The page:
• [0037]
    Another alternative apparatus description may be as a computerized wagering game apparatus for wagering by a player, comprising: a game controller having a processor, memory, a random number generator; the game controller providing a set of possible game outcomes consisting of net tying outcomes, net winning outcomes and net losing outcomes, wherein the set of total game outcomes consists of a probability distribution for all possible game outcomes; wherein for k=√(2) there is a greater probability of a winning outcome than losing outcome considering only those outcomes that lie less than k standard deviations from the overall distribution's mean outcome.
  • [0038]
    A still further alternative description could be as a computerized wagering game apparatus for wagering by a player, comprising: a game controller having a processor, memory, a random number generator and game logic generating winning and losing outcomes with assigned probabilities, wherein for any single wager event the probability for a net winning wager outcome is greater than the probability for a net losing wager outcome while maintaining a house retention on wagers by the game apparatus which is greater than 0% of all wagers.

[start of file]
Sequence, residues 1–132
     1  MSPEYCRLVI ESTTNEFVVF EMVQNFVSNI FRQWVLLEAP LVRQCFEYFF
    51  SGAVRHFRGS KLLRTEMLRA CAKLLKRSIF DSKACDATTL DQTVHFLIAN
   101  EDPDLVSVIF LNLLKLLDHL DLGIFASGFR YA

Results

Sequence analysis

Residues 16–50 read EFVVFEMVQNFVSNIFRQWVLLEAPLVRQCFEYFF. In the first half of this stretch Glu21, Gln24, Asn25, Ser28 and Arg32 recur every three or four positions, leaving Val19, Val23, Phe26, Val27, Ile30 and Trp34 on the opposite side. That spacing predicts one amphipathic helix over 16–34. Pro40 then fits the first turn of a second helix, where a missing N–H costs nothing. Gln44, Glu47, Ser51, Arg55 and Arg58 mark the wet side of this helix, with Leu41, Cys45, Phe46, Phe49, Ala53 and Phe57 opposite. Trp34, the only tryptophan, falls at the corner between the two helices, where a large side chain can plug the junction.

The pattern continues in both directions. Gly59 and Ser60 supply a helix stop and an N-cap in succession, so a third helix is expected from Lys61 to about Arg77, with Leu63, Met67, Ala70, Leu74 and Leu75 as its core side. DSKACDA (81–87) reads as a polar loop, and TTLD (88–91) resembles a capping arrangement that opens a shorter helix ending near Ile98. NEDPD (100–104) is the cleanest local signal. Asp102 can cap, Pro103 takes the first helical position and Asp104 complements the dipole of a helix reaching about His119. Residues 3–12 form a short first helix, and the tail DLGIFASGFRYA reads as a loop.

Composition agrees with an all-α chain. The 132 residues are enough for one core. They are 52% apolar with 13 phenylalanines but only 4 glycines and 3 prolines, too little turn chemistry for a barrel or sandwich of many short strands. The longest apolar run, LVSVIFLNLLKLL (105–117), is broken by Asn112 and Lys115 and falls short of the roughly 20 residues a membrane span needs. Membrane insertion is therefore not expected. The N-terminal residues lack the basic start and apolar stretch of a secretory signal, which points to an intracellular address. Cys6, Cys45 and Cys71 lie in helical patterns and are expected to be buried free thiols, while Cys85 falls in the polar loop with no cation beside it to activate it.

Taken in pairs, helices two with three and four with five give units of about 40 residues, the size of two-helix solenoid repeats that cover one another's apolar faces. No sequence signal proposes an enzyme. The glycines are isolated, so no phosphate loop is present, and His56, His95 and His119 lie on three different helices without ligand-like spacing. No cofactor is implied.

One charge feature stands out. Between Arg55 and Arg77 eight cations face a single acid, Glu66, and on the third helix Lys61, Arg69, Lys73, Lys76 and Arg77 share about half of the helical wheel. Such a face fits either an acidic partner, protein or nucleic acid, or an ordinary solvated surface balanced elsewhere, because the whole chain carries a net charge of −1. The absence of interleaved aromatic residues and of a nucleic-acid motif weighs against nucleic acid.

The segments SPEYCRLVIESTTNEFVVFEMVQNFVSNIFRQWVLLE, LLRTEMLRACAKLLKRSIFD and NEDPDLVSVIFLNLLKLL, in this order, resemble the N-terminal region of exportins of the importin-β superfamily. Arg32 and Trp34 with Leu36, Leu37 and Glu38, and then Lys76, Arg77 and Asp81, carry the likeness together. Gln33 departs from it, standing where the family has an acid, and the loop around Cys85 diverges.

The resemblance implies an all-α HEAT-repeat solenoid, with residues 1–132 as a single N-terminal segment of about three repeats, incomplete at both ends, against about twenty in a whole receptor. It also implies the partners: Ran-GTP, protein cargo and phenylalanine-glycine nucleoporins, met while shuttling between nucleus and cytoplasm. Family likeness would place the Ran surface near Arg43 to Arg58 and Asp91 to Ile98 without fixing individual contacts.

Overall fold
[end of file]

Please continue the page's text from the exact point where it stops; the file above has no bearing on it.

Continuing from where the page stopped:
• [0039]
    Yet another alternative description may be as a computerized wagering game apparatus for wagering by a player, comprising: a game controller having a processor, memory, a random number generator, game logic capable of generating winning and losing outcomes with assigned probabilities, and accounting logic capable of tracking the player's credit balance, wherein for a single wager event the probability of a player's credit balance increasing as a result of a game round is greater than the probability of a player's credit balance decreasing as a result of a game round while maintaining a house retention on wagers by the game apparatus which is greater than 0% of all wagers.
  • [0040]
    Yet another alternative description may be a player credit-banked computerized wagering game apparatus for wagering by a player, comprising: a game controller having a processor, memory, a random number generator, game logic capable of generating winning and losing outcomes with assigned probabilities, and accounting logic capable of tracking the player's credit balance to sources within local apparatus and within external wagering game apparatus credit-processing apparatus, wherein initiating play of a round of a game adds a wager amount to the player's credit balance and the game logic assigns varying probabilities and amounts for losing outcomes to the player's credit balance such that house retention on wagers on the game apparatus is greater than 0% of all wagers.
  • [0041]